On Friday, a truck carrying deli meat and a truck carrying bread crashed into each other—apparently unintentionally, though lots of sandwich jokes ensued—on a highway in New Jersey. The consequential wreckage included a not unfamiliar scene: food scattered all over the highway. Perfectly good food, that is. Lots of sad potential sandwiches.

On the highway, tractor-trailers move like elephants, pacing along in the right lane, barely noticeable except for their size, their contents as mysterious as their destination. But in disaster they are, like all of us, completely unspooled. There is no more mystery, just utter vulnerability.

Compelling photos may explain why a truck carrying deli meat crashing into a truck carrying bread will always make the news. Just a few days before the meat-bread collision, for example, a truck in China got into an accident and hundreds of baby chickens were let loose. But truck spills themselves obey few laws: they can happen at anytime, and no cargo is safe. 

By this Friday, an event like this will likely have happened again: a tractor-trailer, full of Twinkies or kittens or makeup, makes a wrong turn, or is forced into an overcorrection, and wipes out, baring its contents to the world.

Let’s start by looking at May of this year, when one of the worst truck spills in recent memory unfolded. It was a so-called “flash spudding,” after a truck driver fell asleep at 2 a.m. and his truck overturned in North Carolina, spilling 50,000 potatoes onto thousands of feet of roadway. Snow plows were later brought in to clean it up. 

Just a month before, a huge amount of what appeared to be red potatoes spilled out of a truck in Massachusetts. Potatoes, highways, and trucks, it seems, don’t mix well

This month, a tractor-trailer carrying onions tipped over in Riverside, California, completely covering a roadway in the white vegetables. 

And in April, a tanker truck in Virginia spilled roughly 5,300 gallons of milk onto the roadway, closing the road and requiring the services of a hazardous materials team. (Authorities said the hazmat team was for spilled fuel, not milk, but one can never be too sure.)

Also in April: some sausage ended up on the road in Minnesota, and, dangerously, 2,200 gallons of gas was absorbed into the ground after a wreck in Missouri. Massive wind turbine parts met their end in Colorado. A bunch of logs clattered to the pavement in Michigan after a truck driver lost control of his ride. 

March, meanwhile, saw a frathouse-inspired precursor to the deli-meat and bread truck collision, when a truck carrying Doritos crashed into a truck carrying Busch beer on a highway in, yes, Florida. A beer truck in Texas met a similar fate later in the month, though this time no chips were involved.

In Minnesota, a grain truck lost its grain, though a local television station seemed nonchalant: “MANKATO: Update on grain truck spill.” (They’ve seen this movie before.) In Washington state, one unfortunate highway hosted 27 tons of chicken poop. More worryingly, liquid nitrogen was spilled in Tennessee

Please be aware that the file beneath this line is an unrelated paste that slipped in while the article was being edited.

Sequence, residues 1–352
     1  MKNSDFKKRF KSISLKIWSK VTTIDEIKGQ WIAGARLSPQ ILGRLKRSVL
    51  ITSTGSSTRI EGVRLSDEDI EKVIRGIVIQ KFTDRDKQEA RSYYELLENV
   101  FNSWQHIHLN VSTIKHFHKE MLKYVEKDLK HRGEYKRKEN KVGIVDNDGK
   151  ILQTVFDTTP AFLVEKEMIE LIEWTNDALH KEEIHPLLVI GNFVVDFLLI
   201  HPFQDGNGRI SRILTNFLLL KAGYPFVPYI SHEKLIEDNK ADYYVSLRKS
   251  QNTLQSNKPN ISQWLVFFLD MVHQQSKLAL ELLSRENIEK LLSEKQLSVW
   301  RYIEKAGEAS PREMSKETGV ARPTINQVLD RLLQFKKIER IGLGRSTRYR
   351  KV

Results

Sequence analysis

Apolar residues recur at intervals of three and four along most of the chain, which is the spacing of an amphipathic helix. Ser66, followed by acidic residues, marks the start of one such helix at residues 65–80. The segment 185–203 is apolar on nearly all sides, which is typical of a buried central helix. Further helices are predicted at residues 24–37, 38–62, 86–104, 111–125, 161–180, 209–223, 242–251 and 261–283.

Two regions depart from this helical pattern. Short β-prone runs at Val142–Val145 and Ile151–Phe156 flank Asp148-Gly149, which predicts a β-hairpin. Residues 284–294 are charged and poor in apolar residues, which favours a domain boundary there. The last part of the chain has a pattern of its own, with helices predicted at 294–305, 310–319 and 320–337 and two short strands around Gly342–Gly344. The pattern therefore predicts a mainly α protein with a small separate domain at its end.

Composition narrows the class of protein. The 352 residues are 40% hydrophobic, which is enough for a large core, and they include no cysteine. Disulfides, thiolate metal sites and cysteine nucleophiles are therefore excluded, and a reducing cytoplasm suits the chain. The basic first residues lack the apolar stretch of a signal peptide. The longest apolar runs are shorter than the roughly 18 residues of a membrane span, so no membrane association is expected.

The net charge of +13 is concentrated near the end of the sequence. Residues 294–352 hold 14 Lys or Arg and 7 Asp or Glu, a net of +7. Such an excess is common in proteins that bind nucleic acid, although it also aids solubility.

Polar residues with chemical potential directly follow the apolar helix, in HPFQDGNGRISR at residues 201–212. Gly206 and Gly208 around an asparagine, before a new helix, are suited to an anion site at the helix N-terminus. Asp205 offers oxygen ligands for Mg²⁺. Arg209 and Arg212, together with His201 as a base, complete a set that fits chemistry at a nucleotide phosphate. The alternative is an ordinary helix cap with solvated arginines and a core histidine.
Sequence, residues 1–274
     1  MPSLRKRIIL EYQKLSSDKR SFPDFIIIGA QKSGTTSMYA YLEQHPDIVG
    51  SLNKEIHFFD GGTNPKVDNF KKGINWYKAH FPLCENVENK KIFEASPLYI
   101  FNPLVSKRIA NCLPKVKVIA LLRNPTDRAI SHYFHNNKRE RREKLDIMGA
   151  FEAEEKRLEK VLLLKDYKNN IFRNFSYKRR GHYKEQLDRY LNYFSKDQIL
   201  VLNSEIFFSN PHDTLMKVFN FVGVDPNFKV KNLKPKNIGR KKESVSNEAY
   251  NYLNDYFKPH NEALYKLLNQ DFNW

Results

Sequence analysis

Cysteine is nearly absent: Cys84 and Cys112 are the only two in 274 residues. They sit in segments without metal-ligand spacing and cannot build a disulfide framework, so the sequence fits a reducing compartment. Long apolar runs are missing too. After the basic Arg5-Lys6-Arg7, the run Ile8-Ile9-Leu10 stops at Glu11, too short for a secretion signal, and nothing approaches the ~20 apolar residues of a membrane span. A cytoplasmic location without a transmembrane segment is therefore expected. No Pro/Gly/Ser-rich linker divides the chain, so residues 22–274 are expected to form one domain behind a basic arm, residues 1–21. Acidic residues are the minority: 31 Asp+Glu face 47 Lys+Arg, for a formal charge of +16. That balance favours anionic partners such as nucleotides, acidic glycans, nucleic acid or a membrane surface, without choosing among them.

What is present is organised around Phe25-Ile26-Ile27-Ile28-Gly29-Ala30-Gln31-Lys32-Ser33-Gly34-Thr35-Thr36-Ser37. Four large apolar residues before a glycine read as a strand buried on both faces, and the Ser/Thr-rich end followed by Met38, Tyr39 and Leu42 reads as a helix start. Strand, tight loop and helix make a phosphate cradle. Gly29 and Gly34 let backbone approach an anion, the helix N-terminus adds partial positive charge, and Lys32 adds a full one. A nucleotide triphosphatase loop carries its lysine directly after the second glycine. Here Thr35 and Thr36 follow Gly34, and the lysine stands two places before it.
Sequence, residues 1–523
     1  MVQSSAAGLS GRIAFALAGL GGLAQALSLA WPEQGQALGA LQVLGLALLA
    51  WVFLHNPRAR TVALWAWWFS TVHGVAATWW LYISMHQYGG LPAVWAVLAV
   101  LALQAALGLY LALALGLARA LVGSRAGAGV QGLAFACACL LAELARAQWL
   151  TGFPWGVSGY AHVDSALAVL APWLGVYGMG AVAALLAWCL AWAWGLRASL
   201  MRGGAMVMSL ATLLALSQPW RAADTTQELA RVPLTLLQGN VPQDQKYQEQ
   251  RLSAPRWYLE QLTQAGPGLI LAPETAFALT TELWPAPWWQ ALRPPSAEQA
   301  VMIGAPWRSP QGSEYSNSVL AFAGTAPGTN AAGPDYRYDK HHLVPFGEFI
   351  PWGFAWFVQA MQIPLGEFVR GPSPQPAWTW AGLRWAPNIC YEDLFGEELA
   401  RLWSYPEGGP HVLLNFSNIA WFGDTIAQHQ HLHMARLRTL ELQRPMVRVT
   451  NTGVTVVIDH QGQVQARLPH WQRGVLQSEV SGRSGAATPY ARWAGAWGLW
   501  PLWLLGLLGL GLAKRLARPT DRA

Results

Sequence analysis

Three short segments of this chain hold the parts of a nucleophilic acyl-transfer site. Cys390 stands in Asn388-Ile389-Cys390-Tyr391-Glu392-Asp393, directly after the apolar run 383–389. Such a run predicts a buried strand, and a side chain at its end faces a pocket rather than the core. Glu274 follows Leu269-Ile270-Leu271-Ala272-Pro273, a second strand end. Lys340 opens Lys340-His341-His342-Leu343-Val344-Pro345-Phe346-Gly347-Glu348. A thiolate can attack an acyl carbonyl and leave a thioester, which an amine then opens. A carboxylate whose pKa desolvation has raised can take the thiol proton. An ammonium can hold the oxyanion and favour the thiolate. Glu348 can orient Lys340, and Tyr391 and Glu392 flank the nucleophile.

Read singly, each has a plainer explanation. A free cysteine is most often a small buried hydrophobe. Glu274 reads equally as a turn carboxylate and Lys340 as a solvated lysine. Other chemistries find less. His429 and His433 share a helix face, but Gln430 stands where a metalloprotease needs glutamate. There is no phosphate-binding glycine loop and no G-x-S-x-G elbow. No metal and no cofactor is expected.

February, for its part, brought some farce, when, in James County, Virginia, a truck carrying furniture crashed, throwing it onto the highway, and prompting a tractor-trailer carrying bacon behind it to lose control and drive off into the woods. Perhaps this spillage would not clutter up the road, but lie in nature. But it wasn’t to be. As officials were towing the bacon truck out, they lost control of it, and bacon spilled onto the roadway while the truck rolled back into the woods. Also that month: some lemons were tossed across the highway in a deadly crash. 

If 2015 is any indication, though, 2016 probably has some catching up to do, because last year was a strong one for truck spills. Very strong. 

Among the things that spilled: ramen noodles under a bridge in North Carolina; ammonium nitrate, which can be used for bombsin Missouri; 80,000 pounds of human excrement in California (it was headed for a treatment plant); around 1,200 gallons of gas in California; a lot of printer ink on a highway in Virginia; exactly 6,500 gallons of yellow paint in Maryland; in Minnesota, a mysterious “liquid” spilled, reported to be slippery; concrete spilled over a quarter-mile stretch of highway in North Carolina; Budweiser beer all over a roadway in Florida, shutting it for three hours (the truck driver said he was distracted by a small dog he kept in the cab); lug nuts fell out of a truck in, appropriately, Detroit; some bananas in New Jersey; and, perhaps worst of all, some Twizzlers perished in Pennsylvania

But the most apocalyptic truck spill of 2015 came early, in April of that year, when 14 million bees were let loose on a highway in Washington state, creating a nightmare. 

Firefighters fought the bees with jets of foam and water, but everyone, from motorists to TV news reporters, felt their wrath. 

“Everybody’s been stung,” a police sergeant told the Seattle Times then. “This is a first.”